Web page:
Meat Ballin’

August 1st, 2013 | Posted by Alison Spath in Dinner Time

A few weeks ago I was out with all three kids (not unusual) and had nothing packed for any of us to eat (quite unusual). Hunger levels were quickly rising, morale was rapidly falling.  Given time and location, our best option was a small pizza place in order to save us (or save myself, really) from a hunger-induced group meltdown.

I'm Sorry for What I Said When I Was Hungry

The girls each got a slice of pizza, and I was pleasantly surprised to discover there were a bunch of decent side dishes on the menu.  I got three meatballs and some sauteed summer vegetables to share with 13 month old Kaz, who does not yet know that the children in this family are supposed to demand pizza and shun vegetables.  (Shhhh!)

Anyway, the meatballs were good, although I’m sure they had all sorts of funky ingredients in them.  This was just a run of the mill pizza joint, “Free Range Grass Fed Meatballs” were most definitely not on the menu.  But let’s not overthink it or fret about funky ingredients for too long – sometimes this is just how it goes.

Instead of fretting, let’s have a happy thought and think about making our own meatballs at home with quality ingredients.  I’ve never really been a Meatball Person (especially as a former vegetarian for most of my home cooking career) and this impromptu pizza stop helped me see that Hey!  Perhaps I should be a Meatball Person!  Balls of meat are good!  I think I am ready to join The Tribe of the Meatball People.  I hope the initiation is tasty.

In an effort to keep my meatballs to be free of funky ingredients, I bought some ground beef and pork sausage from a local farmer at a farmer’s market.  I also wanted them to be free of gluten – no breadcrumbs please!  I’m continuing to read about and experiment with a Paleo-esque lifestyle, I see again and again that I feel best when I consume little to no grains in my everyday life.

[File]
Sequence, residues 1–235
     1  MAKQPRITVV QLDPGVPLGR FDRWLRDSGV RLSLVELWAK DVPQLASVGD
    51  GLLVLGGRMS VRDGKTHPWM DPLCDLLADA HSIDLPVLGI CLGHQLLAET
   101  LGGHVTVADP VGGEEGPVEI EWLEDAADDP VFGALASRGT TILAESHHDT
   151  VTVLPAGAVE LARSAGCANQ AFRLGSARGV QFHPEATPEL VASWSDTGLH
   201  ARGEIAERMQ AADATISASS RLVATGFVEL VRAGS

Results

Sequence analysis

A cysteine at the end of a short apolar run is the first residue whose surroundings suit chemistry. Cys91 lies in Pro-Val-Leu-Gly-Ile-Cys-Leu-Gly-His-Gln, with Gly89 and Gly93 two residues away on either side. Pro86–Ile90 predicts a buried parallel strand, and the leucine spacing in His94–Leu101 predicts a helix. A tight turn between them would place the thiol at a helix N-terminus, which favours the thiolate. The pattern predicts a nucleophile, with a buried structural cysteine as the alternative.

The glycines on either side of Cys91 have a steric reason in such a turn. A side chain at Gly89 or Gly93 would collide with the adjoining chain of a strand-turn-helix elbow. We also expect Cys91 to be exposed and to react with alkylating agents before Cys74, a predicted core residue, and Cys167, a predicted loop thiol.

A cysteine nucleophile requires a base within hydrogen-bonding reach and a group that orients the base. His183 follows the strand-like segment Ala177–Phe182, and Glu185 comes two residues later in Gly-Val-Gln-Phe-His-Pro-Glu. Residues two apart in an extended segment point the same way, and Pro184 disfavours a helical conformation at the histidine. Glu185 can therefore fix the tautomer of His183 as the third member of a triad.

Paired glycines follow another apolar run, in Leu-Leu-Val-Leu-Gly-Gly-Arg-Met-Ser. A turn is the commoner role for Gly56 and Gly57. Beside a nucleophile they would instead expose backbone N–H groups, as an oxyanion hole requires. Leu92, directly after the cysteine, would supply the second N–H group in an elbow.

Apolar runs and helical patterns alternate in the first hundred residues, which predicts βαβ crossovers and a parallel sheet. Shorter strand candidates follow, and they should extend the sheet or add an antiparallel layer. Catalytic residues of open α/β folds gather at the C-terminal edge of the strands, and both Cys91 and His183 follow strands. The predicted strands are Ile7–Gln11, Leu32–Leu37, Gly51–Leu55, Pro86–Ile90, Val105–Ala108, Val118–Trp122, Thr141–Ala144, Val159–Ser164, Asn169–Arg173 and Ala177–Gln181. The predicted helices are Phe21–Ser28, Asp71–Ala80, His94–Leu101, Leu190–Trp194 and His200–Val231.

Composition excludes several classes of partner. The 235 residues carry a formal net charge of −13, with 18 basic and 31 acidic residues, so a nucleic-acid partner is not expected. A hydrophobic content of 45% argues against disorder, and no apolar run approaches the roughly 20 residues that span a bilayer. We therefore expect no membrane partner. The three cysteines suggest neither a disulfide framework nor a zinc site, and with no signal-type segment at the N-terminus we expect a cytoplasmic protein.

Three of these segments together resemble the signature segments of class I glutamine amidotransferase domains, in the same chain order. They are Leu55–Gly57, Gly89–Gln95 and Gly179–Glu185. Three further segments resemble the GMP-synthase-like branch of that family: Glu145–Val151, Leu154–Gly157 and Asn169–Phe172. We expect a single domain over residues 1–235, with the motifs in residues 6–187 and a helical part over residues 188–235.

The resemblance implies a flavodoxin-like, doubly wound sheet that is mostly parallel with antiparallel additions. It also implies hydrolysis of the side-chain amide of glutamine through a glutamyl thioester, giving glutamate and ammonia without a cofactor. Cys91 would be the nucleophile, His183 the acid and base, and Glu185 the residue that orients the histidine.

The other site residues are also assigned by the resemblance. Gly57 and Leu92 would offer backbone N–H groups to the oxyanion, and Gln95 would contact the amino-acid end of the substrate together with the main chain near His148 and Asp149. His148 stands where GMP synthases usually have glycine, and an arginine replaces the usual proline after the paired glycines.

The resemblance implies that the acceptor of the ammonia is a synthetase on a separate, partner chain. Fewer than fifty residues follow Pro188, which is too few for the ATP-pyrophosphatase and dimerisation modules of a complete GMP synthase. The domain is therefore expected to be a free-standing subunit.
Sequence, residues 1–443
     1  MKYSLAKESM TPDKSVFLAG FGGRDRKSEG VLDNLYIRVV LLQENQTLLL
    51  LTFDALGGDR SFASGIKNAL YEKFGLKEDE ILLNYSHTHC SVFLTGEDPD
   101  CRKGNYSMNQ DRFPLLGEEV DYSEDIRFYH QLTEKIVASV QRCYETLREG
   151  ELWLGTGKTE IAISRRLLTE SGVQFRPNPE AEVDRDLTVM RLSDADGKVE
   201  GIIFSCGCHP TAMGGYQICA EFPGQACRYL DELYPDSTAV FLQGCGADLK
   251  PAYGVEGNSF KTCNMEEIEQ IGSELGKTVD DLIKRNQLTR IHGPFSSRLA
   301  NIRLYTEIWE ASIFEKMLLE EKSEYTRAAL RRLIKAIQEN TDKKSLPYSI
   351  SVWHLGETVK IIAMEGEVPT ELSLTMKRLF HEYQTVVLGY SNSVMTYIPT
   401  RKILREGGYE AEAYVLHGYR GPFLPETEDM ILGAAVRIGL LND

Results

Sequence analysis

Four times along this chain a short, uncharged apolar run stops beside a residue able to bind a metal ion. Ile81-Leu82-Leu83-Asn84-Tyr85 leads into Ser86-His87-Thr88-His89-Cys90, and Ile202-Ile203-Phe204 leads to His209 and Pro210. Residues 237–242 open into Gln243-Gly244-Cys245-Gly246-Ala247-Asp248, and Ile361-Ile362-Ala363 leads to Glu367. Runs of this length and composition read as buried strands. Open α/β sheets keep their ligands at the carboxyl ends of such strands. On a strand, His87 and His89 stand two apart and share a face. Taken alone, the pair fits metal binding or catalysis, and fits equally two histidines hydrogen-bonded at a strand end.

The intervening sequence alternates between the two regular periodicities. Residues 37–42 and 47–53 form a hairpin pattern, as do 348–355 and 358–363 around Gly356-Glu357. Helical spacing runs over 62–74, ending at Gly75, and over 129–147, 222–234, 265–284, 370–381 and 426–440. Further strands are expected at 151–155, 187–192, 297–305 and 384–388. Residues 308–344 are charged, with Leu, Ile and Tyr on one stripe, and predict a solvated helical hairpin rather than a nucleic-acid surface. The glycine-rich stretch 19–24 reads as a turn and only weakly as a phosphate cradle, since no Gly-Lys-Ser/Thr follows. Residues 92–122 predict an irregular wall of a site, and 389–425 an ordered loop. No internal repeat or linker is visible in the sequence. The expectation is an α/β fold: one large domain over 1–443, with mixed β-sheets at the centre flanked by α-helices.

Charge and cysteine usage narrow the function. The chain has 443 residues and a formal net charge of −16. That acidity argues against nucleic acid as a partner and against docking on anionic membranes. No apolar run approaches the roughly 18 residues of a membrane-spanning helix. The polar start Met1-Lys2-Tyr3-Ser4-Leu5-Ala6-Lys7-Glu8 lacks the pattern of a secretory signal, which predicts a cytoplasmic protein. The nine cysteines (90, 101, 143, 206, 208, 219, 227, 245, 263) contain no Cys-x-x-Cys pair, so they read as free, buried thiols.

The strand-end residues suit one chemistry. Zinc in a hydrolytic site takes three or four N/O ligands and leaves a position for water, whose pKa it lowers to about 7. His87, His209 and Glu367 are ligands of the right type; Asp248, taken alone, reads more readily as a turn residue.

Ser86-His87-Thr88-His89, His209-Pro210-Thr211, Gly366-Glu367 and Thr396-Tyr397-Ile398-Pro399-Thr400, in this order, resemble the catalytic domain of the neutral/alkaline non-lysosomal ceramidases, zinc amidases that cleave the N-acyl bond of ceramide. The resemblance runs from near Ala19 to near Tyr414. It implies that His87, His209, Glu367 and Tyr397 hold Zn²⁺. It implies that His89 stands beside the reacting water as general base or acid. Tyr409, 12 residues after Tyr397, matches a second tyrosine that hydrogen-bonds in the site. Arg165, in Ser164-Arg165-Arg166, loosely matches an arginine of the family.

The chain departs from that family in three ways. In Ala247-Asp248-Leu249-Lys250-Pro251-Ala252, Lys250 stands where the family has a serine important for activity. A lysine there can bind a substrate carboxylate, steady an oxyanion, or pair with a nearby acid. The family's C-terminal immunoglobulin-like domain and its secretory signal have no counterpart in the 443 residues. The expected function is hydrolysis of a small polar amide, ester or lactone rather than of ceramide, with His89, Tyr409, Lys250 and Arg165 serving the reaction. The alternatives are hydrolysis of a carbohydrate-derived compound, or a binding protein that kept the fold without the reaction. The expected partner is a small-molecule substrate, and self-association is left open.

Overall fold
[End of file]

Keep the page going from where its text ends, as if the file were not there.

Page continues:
So whether you care about gluten or grains or breadcrumbs or not – these guys turned out great! I didn’t even intended to blog about my meatball adventure as the newest member of The Meatball Lovers Club, but they turned out so well that I can’t wait to make them again – and that little fact makes this recipe officially blog worthy.

Paleo Meatballs

Meatballs without Breadcrumbs

(Like Doctors without Borders?  Except you don’t need a passport, and I doubt these will win you a Nobel Peace Prize.  Let me know, though.)

print this recipe!

1 lb ground beef
1 lb pork sausage (cut out of the casing if needed)
1 egg, beaten
1 small carrot, finely diced
1 small stalk of celery, finely diced
1/2 white onion, finely diced
1 clove of garlic, minced
1/4 c – 1/2 c ground almonds
salt and pepper to taste, oregano, garlic powder
optional cayenne pepper and Tabasco if you like it spicy!

Combine all ingredients, use an ice cream scoop or 1/4 c measure to scoop meat and form into balls with your hands.

Makes 16 meatballs.

You could use a jar of spaghetti sauce or make your own – I went the Make Your Own Sauce route:

Tomato Sauce

16 oz can of diced tomatoes
2 Tbsp tomato paste
1/2 diced onion (the other half from your meatballs!)
1 small carrot, diced
2 cloves garlic, minced
salt and pepper to taste, (fresh or dried) basil